The FDA have dropped the need for a boxed warning, which has been present since 2011, about asthma-related deaths on the labels of drugs which contain both long-acting beta agonists and inhaled corticosteroids. This comes after four large clinical safety trials which tested the combined drugs in a 26-week, randomized, active-controlled trial with 41,297 patients in total. The data showed that combining them did not cause significantly more serious side effects than inhaled steroids alone. The studies also examined efficacy and found that the combined drugs were superior to inhaled corticosteroids alone at reducing asthma exacerbations. This should give more confidence to prescribers and patients with these combination treatments and may help with the market erosion faced in this area. Please click here if you would like to read more from a BioPharmaDIVE article.
Merck and Pfizer have gained their second breakthrough status designation in the US for a combination treatment of avelumab (Bavencio) with Inlyta for treatment-naïve patients with advanced renal cell carcinoma (RCC). This designation comes down to a preliminary evaluation of clinical data from a JAVELIN Renal 100 Phase Ib study, finding the combination to be of potential to offer substantial benefit over existing therapies, and will allow an expedited development and review for the treatment by the FDA. The findings of these studies showed that combining the treatments induced a response in 58.2% of patients with advanced RCC which is a much-needed result as five-year survival rates of this disease are still low. If you would like to read more into this, please click here for an article from PharmaTimes.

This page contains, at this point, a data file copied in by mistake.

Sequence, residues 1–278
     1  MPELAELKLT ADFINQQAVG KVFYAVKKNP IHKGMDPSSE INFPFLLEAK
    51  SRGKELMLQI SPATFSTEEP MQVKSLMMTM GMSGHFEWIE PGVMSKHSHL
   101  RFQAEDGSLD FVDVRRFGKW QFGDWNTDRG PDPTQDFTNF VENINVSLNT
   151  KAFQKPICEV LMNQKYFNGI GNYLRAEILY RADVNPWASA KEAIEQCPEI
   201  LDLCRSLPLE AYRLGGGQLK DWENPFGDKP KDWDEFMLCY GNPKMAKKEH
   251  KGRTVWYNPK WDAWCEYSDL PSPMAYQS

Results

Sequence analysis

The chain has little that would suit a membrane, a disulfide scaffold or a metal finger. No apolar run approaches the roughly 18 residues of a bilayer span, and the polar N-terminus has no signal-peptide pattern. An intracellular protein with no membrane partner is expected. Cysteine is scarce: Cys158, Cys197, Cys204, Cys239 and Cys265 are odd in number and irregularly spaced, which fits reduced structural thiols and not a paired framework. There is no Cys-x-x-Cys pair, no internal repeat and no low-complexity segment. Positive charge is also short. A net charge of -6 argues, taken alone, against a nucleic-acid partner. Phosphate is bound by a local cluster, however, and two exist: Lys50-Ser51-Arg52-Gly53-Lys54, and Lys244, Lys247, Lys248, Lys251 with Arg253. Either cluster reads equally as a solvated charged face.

The drug maker, AZ, and Imperial College London have recently announced their plans to work together on researching the scientific mechanisms and underlying drivers of respiratory conditions such as asthma and chronic obstructive pulmonary disease (COPD). The three-year investigation will be led by AZ’s Mark Birrell and ICL’s Teresa Buckley, and will focus on mechanisms related to inflammation, neuropharmacology and lung irritancy. This open platform of research across industry and academia has proven mutually beneficial in the past and is hoped to “turn great science into innovative medicines for patients with debilitating respiratory diseases”. Please click here to read further in a PharmaTimes article.